DALLAS, February 21, 2013 – Georgia state legislators renewed efforts to criminalize lewd image alterations last week when one such photo surfaced online of Representative Earnest Smith. The image featured Smith’s head digitally imposed on a nude man’s body.
The legislation is co-sponsored by Democrat Pam Dickerson, also a victim of offensive satire. The proposal was initially introduced last session in response to a teenage girl falling victim to obscene photo-shopping. The legislation died without advancing, but once both Smith and Dickerson were targeted by online pranksters, they re-filed the bill.
If passed, the state could fine creators of offensive images $1,000 and/or impose a 12-month jail sentence for “defamation when he or she causes an unknowing person wrongfully to be identified as the person in an obscene depiction.”
When questioned, Smith said he was not worried the bill would step on First Amendment rights.
“Everyone has a right to privacy. You have a right to speak, but no one has a right to disparage another person. It’s not a First Amendment right,” he told local news site Savannah Now. “It’s clear that we need to do something. It can be done to anyone at any time.”
Once pressed to provide further details, Smith told Fox News, “At this juncture, I am not at liberty to share anything with you. I don’t have to. If and when this bill passes we can revisit the issue and if I choose to give you details at that time I will, but until then I don’t have to tell you anything.”
Not everyone shares Smith’s sentiments. His unconventional grasp of the First Amendment amused online posters, many of which created dozens of images featuring the representative’s face, some more offensive than the original depiction.
PopeHat.com hosted an image manipulation contest with the following criteria:
“Contrary to his oath of office, Smith is wantonly promoting abject ignorance of the most fundamental law of our nation. So: let’s photoshop him. No nudes or obscene pics please. A suitable prize will be awarded to creator of the photoshop that best captures the stupid violence Rep. Smith has inflicted upon the truth about free speech.”
Blogger Andre Walker claimed responsibility for the original prank and publicly responded to Smith’s legislative move. “I would simply remind Representative Smith that he’s a public figure, and just like someone had the protected right to depict former President George W. Bush as a monkey, I have the protected right to Photoshop the head of any elected official onto the body of anything I chose.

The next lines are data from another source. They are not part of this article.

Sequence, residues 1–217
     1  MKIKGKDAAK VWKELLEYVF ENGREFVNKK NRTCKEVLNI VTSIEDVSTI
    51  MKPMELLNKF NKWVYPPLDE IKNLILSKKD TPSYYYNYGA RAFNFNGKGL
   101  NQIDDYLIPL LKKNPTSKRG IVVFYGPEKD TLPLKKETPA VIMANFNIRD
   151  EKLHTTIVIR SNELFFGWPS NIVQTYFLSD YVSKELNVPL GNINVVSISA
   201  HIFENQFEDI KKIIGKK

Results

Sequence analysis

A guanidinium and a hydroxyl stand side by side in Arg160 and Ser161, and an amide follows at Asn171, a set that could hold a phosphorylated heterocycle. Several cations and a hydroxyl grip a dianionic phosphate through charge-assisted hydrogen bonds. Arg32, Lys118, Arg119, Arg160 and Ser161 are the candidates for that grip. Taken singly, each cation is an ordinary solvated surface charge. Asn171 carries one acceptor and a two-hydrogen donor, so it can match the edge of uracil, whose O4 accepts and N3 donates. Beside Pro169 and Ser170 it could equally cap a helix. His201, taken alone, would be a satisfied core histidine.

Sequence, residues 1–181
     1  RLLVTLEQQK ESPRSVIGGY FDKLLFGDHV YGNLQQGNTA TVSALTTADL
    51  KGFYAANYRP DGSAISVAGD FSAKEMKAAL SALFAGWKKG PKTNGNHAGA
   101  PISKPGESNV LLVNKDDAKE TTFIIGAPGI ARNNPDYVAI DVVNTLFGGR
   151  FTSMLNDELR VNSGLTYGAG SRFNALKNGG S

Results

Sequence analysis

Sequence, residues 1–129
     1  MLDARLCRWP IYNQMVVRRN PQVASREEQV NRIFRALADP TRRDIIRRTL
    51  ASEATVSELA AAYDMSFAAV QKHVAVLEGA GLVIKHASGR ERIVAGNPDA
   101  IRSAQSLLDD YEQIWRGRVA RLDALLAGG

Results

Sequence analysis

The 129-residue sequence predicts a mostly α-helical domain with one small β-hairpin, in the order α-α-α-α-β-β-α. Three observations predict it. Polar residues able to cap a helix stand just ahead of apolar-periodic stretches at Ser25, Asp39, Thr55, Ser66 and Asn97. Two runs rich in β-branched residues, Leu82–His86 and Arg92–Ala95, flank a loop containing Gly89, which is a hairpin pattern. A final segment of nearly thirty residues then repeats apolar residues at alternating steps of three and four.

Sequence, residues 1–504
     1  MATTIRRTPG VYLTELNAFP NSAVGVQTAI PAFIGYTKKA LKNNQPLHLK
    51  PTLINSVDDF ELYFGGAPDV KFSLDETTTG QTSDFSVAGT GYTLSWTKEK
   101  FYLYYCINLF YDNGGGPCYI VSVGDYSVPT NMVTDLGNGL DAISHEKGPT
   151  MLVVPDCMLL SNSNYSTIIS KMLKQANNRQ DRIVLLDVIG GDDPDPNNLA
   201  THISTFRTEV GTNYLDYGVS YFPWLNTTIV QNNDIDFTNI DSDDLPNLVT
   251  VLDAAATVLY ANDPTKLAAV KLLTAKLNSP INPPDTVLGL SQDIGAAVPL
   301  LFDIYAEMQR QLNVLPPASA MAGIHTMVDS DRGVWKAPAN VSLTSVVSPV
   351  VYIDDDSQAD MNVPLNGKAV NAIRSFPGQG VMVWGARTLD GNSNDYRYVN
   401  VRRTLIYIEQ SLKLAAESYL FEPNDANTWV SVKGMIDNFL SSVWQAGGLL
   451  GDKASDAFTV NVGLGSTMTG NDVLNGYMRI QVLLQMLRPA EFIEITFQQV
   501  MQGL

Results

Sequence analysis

The First Amendment to the Constitution of the United States protects all forms of speech, not just spoken word. That’s why House Bill 39 is so asinine. It attempts to regulate speech and I doubt it would stand up in a court of law. Rep. Smith needs to grow some thick skin if he’s going to be an elected official. Trust me when I say the altered photograph shown above was not the worst I could have done.”
Internet bloggers and First Amendment advocates agreed with Andre Walker. “What Smith is seeking to do is criminalize speech that does nothing more than criticize those in power. While, at least in theory, it may apply to all, the motivations behind this proposal is to silence the new media that often relies on satire and bombastic language to attract readers,” wrote Tom Knighton of the Libertarian Party of Georgia.
Though the Internet predictably mocked Smith’s peculiar interpretation of the First Amendment, his hometown chastised his move against satire too. “It’s hard to believe, even in a state that gave rise to U.S. Rep. Hank Johnson — who once worried the island of Guam might tip over — that an American citizen would be so ignorant of our rights. It’s mind-boggling to think that people who help write our laws are that out to lunch.
Americans have a fundamental right to mock others. It’s an integral part of free speech; ridicule and satire simply cannot be boiled out and separated from free speech. It’s impossible,” an editor for the Augusta Chronicle published.
A source from the ACLU said that while one cannot use a minor’s picture without the parents or legal guardian’s permission, those over the age of 18 are evaluated differently. “An image can be used in a picture without someone’s permission, but only if the creator makes some attempt at concealing their true identity, if the cropped picture is one that the person wouldn’t normally take.”
The legislation will receive a vote during this session. Representative Smith’s office was unavailable for comment.
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